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How visiting Cuba and partnering with a celebrity changed The Profit

How visiting Cuba and partnering with a celebrity changed The Profit
Lemonis, right, during the special The Profit in Cuba episode. (Photo by CNBC)

While The Profit remains an entertaining and strong show that’s grounded in reality, it has fallen more into a formulaic rut this season. This has been somewhat frustrating on multiple levels, starting with the fact that it started as a show that avoided formula so much it was almost disorienting how episodes would just end. Wait, that’s it?

Of the fourth season’s first eight episodes, nearly all followed a structure that was as predictable as the ones used on lesser shows such as Gordon Ramsay’s Kitchen Nightmares. The conflict arrives in the same spot during the hour; the episode ends with a grand reopening. By the Bowery Kitchen Supplies episode, I was basically calling out the beats as they arrived: Here’s the part where Marcus Lemonis asks to see the financials! Here’s the part where he comes back to visit and expresses dismay about progress!

But when its fourth season returned two weeks ago after an odd month-long break, it was entirely different show, right down to the title: The Profit in Cuba.

Marcus Lemonis cannot invest in businesses in Cuba, so instead he just talked to small business owners. Most were open and candid, though their reluctance to discuss some details—especially how much they’re making—was one of many reminders about the Cuban government’s role in their lives. The most striking part for me was how quickly some people would deflect questions or change their demeanor when Marcus asked certain questions, and he even addressed that directly with a couple who ran a bakery: “Is it difficult to talk with the cameras because you worry about people seeing it?”

The hour focused on the opportunity in Cuba, and the tremendous obstacles that still remain. But mostly it just humanized a place that for many Americans is either villainized or idealized or both.

George Lopez and a brand-new business

Last week’s episode was also different, but in an entirely different way. Marcus’ interaction with Los Gemelos, a Mexican restaurant that also makes and distributes tortillas, was prompted by his friend, George Lopez. The business turned out to be not investable, starting with the fact that the equipment wasn’t up to code.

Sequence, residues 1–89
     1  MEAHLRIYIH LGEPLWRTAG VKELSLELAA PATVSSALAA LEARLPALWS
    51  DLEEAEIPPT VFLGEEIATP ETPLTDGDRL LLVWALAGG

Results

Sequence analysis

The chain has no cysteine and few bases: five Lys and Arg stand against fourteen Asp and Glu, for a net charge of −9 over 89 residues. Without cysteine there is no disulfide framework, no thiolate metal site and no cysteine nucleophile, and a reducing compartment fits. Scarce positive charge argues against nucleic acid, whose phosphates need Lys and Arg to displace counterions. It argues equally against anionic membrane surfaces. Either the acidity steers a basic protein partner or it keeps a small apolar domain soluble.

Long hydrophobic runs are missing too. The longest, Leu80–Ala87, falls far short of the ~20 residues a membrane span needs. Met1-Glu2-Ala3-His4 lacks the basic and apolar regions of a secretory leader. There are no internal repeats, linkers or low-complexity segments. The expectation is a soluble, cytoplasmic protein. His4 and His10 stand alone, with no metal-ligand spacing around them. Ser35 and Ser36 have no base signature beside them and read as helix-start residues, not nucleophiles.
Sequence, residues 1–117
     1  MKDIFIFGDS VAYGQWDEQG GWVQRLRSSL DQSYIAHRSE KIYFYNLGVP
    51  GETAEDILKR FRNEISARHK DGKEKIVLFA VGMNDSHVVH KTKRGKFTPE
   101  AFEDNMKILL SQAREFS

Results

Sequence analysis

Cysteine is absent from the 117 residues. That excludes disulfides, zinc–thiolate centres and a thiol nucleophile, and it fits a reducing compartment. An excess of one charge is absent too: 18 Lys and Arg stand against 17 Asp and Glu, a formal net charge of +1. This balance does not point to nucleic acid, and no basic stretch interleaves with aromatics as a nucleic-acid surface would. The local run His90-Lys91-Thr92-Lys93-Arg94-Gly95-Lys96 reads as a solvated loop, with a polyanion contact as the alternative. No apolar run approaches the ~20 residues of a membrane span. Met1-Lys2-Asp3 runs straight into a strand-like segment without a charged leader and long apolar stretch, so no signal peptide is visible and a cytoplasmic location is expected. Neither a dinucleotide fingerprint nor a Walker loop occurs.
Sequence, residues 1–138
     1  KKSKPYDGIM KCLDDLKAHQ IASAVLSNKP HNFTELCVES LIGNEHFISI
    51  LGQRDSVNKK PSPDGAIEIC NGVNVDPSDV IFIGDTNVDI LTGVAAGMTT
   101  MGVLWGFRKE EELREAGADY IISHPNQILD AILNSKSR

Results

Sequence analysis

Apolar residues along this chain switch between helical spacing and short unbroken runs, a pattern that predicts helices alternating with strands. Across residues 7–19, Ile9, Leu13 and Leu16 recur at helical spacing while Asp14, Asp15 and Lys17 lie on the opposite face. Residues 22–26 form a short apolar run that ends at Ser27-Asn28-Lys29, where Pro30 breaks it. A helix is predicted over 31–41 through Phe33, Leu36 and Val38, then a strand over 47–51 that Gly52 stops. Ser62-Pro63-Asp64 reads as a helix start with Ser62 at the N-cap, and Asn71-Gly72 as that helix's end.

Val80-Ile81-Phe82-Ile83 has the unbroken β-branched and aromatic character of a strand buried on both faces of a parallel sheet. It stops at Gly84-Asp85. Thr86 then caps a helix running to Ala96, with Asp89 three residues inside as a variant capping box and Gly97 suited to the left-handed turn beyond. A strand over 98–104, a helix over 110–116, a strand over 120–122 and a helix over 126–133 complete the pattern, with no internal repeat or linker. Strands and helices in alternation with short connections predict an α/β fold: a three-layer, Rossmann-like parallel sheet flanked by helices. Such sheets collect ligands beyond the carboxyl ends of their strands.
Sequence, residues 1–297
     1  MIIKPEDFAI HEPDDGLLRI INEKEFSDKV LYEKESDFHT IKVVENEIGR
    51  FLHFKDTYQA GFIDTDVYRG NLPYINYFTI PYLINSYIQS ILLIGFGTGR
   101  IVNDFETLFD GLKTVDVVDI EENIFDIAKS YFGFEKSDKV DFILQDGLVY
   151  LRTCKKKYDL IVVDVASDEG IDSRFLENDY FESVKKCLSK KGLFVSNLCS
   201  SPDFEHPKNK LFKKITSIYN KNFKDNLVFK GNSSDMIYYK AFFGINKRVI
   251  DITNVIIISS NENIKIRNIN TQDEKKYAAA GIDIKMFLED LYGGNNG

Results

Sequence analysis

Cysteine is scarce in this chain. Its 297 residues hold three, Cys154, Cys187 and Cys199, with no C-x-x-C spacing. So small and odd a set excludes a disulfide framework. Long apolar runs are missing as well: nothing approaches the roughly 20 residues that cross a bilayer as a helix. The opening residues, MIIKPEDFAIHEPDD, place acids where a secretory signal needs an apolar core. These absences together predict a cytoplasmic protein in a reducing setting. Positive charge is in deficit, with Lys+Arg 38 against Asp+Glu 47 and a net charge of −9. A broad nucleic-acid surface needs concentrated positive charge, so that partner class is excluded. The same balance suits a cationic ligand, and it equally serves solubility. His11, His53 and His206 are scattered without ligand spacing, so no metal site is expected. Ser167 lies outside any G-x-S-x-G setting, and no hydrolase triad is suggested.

Instead, Marcus proposed starting an entirely new business with its owner, Adelo Ramirez, and George Lopez, a three-way partnership in a Mexican food business called Ta Loco. There was conflict, though in this case it originated with Adelo having passion but no business experience, though he turns out to be an excellent salesperson for the new brand.

Because they were basically dumping an old business and starting from scratch, the formula was upended

George Lopez seemed a little nervous about all of this—and maybe that’s because it seems like he wasn’t exactly calling one friend to help another, though that’s what the editing suggested.

Earlier this year, Los Gemelos was tweeting at Marcus, George, and CNBC star Tilman Fertitta, and the non-stop series of tweets over several months was annoying for me to just browse through, so I would totally understand if this episode happened just to stop the damn tweets. (A few of the many examples: 1, 2, 3, 4, 5) I understand why Marcus might not want to encourage that kind of behavior, but I would have liked a little more detail about how this came about.

The Cuba episode wasn’t perfect either.

On The Profit, the narration—Lemonis in a studio, reflecting on the episode’s events—can feel a little heavy-handed in his favor. That is forgivable since he’s talking about his experience, but it’s still clear who’s the hero and who’s the villain.

But the Cuba episode exposed the writing of his narration as being a little too easy, too obvious. Of course a one-hour episode cannot adequately cover and dissect all of the nuances of Cuban politics and business. But it attempted that a little too often—reaching a little too hard to make sweeping statements or just sounding too broad (“Despite free health care, housing, and higher education, many are struggling”).

The true power of the episode, however, were Lemonis’ personal interactions. Watching him play with a kid on the street, or have one of his subjects reverse the questioning and ask about his sexual orientation, made for terrific television that was enlightening and entertaining.

With Marcus Lemonis’ ability to invest in individual businesses becoming more and more challenging as the show ages, I hope the show will continue to try new types of episodes like these.

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About the author

  • Andy Dehnart is the creator of reality blurred and a writer and teacher who obsessively and critically covers reality TV and unscripted entertainment, focusing on how it’s made and what it means.


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